It’s not the only way to win in the Big Sky Conference — there are only so many really good shooters out there after all — but Idaho, this year’s preseason favorite, ranked fifth in the nation in threes made last winter, and Northern Colorado ended Montana’s season in Reno with a barrage of early triples.
For a balanced team like Montana, across players, from inside to outside, it could make all the difference.
6. When the teams get split up on Tuesday, go all in on whichever team redshirt junior point guard McKenzie Johnston is on for the win. That just seems to happen when she’s got the ball in her hands and there is some competition involved.
“In practices and scrimmages and all the things we do, nine out of 10 times the team she’s on is going to win,” said Schweyen.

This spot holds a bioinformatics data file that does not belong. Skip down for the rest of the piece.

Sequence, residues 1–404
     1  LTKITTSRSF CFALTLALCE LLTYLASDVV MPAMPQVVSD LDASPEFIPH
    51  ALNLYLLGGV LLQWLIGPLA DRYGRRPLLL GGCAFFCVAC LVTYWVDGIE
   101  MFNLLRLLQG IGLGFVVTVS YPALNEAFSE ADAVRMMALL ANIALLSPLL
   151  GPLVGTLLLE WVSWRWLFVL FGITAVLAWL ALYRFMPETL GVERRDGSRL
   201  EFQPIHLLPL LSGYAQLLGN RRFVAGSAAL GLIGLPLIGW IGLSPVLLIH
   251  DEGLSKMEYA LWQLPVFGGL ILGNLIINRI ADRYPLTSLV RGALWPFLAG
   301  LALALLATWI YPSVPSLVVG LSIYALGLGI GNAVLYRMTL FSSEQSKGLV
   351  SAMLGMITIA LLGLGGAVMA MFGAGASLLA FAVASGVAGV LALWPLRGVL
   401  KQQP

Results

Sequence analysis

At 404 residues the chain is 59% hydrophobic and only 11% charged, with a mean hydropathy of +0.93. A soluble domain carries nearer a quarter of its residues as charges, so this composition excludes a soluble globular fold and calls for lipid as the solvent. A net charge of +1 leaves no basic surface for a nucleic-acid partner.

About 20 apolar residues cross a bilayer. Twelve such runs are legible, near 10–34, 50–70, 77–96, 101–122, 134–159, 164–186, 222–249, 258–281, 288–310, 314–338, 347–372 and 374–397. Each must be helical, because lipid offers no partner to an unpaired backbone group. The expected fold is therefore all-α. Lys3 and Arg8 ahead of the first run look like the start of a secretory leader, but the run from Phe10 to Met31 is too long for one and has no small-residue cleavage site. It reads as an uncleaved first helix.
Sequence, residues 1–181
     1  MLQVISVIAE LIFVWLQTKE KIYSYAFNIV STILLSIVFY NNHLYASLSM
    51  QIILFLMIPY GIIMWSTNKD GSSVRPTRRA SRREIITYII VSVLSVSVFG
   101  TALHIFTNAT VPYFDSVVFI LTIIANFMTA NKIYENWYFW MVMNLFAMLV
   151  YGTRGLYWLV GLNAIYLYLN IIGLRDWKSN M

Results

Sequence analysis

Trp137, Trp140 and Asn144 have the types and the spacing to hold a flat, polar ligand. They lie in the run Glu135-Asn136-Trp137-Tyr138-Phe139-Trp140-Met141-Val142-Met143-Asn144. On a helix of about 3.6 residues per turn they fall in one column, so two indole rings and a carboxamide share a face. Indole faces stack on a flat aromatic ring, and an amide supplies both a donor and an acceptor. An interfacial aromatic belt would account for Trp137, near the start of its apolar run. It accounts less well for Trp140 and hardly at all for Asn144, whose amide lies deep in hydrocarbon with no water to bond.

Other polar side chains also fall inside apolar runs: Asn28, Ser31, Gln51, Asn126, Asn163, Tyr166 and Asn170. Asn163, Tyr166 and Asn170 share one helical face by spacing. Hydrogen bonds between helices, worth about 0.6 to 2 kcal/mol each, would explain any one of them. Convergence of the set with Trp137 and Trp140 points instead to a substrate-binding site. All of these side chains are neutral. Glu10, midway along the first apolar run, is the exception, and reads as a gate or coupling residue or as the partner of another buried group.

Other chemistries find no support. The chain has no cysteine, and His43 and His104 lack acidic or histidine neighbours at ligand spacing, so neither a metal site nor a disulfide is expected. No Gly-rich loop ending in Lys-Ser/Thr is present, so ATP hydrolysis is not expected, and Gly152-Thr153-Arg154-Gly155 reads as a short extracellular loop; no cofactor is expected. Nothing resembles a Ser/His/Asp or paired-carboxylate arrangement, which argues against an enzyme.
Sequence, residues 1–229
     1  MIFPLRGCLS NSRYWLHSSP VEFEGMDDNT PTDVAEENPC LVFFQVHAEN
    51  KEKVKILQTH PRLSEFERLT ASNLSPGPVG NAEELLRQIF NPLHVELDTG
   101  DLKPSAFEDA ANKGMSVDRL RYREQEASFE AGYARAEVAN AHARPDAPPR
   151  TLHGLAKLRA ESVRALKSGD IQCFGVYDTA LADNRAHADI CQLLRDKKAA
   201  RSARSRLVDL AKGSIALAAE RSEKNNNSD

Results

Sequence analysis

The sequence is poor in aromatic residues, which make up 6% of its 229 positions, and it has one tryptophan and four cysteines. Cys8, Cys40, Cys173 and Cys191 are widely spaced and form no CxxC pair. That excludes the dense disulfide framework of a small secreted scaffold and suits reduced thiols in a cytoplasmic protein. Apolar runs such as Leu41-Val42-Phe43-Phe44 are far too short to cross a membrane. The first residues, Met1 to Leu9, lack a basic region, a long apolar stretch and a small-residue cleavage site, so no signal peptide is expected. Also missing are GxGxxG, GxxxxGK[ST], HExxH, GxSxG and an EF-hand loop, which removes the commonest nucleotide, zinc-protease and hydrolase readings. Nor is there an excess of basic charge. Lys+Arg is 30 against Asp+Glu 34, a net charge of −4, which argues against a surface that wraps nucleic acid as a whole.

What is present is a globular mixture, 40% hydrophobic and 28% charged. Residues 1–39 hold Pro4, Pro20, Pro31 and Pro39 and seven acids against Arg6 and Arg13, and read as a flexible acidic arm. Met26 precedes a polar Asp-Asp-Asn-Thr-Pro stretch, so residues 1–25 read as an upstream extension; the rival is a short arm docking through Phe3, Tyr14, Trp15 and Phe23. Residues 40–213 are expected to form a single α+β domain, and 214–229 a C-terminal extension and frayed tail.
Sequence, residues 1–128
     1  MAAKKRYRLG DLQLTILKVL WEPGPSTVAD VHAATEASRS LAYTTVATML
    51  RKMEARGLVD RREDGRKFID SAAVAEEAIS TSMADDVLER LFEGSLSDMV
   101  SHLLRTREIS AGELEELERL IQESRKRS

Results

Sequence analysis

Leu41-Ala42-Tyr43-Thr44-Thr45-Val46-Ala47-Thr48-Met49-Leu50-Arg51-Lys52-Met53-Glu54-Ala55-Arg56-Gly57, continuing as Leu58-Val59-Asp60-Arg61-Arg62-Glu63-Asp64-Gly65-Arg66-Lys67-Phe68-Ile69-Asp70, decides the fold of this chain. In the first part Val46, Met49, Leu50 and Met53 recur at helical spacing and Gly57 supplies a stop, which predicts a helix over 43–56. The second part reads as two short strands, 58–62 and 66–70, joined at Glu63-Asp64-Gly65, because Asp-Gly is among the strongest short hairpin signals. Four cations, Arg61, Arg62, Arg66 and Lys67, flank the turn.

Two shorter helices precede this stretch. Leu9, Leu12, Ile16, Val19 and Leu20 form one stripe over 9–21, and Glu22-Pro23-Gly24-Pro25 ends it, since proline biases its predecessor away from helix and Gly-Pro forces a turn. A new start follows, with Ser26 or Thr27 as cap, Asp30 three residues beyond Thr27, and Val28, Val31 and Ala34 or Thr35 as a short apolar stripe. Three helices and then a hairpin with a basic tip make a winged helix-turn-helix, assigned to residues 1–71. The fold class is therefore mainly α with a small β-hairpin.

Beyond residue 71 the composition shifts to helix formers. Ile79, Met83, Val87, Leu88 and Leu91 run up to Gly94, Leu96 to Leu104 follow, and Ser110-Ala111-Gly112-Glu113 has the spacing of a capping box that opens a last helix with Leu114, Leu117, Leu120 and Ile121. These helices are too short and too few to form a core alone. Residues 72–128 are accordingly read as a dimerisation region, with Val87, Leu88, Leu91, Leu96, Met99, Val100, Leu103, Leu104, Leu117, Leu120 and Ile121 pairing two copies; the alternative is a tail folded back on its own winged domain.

“They’re going to be organized. She does a good job making sure the play gets run and people are in the right spots. That’s something experience does. There is a big difference with someone who’s essentially going into her fourth year.”
Thank goodness for redshirt seasons. That means we get two more winters of Johnston leading the way.
Did you know she was one assist from leading the Big Sky Conference in that category last winter? On a team she led in scoring? On a team that shot less than 40 percent for the season, less than 28 percent from 3-point range?
Expect her scoring to remain where it was, at 12.5 points per game last season, if not go up one or two. Or more. But her assists? She’ll go from the 155 she had last season to more than 200 with some better team shooting.